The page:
412-420. http://www.fort.usgs.gov/products/publications/21137/21137.pdf

Fitzenberger, Bernd (2012). Quantile Regression. Universität Linz.
http://www.econ.jku.at/members%5CDerntl%5Cfiles%5CPHD%5CFitzenberger_QuantileRegression.pdf

Hao, L., & Naiman, D. Q. (2007). Quantile regression (No. 149). Sage. http://www.sagepub.com/upm-data/14855_Chapter3.pdf

He, X., & Wei, W. (2005). Tutorial on Quantile Regression. Cached page: http://webcache.googleusercontent.com/search?q=cache:IugoWaFOXoJ:epi.univparis1.fr/servlet/com.univ.collaboratif.utils.LectureFichiergw%3FID_FICHE%3D27872%26OBJET%3D0008%26ID_FICHIER%3D8337
9+&cd=1&hl=en&ct=clnk&gl=us

Koenker, R., & Bassett Jr, G. (1978). Regression quantiles. Econometrica: Journal of the Econometric Society, 33-50.

Koenker, R. W. (2000). Quantile Regression, article prepared for the statistics section of the International Encyclopedia of the Social
Sciences. University of Illinois: Urbana-Champaign, IL. http://www.econ.uiuc.edu/~roger/research/rq/rq.pdf

Koenker, R., & Hallock, K. (2001). Quantile regression. Journal of Economic Perspectives, 15(4), 143-156.
http://www.econ.uiuc.edu/~roger/research/rq/QRJEP.pdf

Koenker, R., & Bassett Jr, G. W. (2010). March Madness, Quantile Regression Bracketology, and the Hayek Hypothesis. Journal of Business &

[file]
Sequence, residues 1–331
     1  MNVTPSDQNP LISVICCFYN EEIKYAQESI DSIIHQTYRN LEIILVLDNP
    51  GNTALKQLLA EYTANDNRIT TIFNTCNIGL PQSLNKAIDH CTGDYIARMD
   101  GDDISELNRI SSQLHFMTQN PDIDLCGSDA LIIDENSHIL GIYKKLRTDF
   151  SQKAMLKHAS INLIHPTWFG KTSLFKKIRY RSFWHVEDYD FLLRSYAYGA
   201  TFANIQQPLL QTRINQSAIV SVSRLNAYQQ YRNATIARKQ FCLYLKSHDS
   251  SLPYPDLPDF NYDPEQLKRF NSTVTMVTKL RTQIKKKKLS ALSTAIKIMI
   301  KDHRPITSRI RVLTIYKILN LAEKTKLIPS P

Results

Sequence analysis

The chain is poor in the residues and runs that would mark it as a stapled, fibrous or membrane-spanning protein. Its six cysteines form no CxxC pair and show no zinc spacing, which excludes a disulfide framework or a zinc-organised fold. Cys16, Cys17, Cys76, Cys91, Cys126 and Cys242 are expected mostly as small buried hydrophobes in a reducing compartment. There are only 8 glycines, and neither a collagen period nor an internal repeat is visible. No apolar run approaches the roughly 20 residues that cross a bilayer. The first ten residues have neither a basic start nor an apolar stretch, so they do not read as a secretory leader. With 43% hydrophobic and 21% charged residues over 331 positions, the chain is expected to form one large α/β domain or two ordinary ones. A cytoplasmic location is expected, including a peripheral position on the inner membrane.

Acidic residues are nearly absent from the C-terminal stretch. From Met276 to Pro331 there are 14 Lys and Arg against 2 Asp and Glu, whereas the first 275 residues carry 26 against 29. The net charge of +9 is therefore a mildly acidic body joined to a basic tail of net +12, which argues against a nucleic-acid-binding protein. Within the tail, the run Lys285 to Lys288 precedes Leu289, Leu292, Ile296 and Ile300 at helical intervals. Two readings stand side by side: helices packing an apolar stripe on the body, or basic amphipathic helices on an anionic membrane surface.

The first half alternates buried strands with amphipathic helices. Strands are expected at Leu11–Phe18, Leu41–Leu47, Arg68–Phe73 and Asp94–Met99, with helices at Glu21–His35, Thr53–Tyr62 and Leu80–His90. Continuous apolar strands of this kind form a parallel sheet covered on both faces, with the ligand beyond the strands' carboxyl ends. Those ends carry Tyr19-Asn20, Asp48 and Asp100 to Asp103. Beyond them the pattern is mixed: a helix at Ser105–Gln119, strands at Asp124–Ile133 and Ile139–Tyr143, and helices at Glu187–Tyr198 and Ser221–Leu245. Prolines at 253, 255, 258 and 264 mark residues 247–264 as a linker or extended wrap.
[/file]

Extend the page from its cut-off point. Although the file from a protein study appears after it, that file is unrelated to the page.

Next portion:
Economic Statistics, 28(1). http://www.econ.uiuc.edu/~roger/research/bracketology/MM.pdf

Koenker, R. (2011). “Quantile Regression: A Gentle Introduction.” University of Illinois Urbana- Champaign.
http://www.econ.uiuc.edu/~roger/courses/RMetrics/L1.pdf

Quantile Regression – R Documentation for Package ‘quantreg’ version 4.30. http://svitsrv25.epfl.ch/Rdoc/library/quantreg/html/rq.html

Susmel, Rauli. “Lecture 10 Robust and Quantile Regression.” Bauer College of Business University of Houston.
http://www.bauer.uh.edu/rsusmel/phd/ec1-25.pdf
References for Noted Discipline-Specific Applications

Henze, G. P., Pless, S., Petersen, A., Long, N., & Scambos, A. T. (2014). Control Limits for Building Energy End
Use Based on Engineering Judgment, Frequency Analysis, and Quantile Regression.
http://www.nrel.gov/docs/fy14osti/60020.pdf

Lew, A. A., & Ng, P. T. (2012). Using quantile regression to understand visitor spending. Journal of Travel
Research, 51(3), 278-288. http://jtr.sagepub.com.lib-e2.lib.ttu.edu/content/51/3/278.full.pdf+html

Li, M., & Hwang, N. (2011). Effects of Firm Size, Financial Leverage and R&D Expenditures on Firm Earnings:
An Analysis Using Quantile Regression Approach. Abacus, 47(2), 182-204. doi:10.1111/j.14676281.2011.00338.x http://eds.a.ebscohost.com.lib-e2.lib.ttu.edu/ehost/pdfviewer/pdfviewer?sid=91bf3ebd6f4d-42dd-bb3b-e4818335144b%40sessionmgr4005&vid=2&hid=4110
Questions?
Thank You!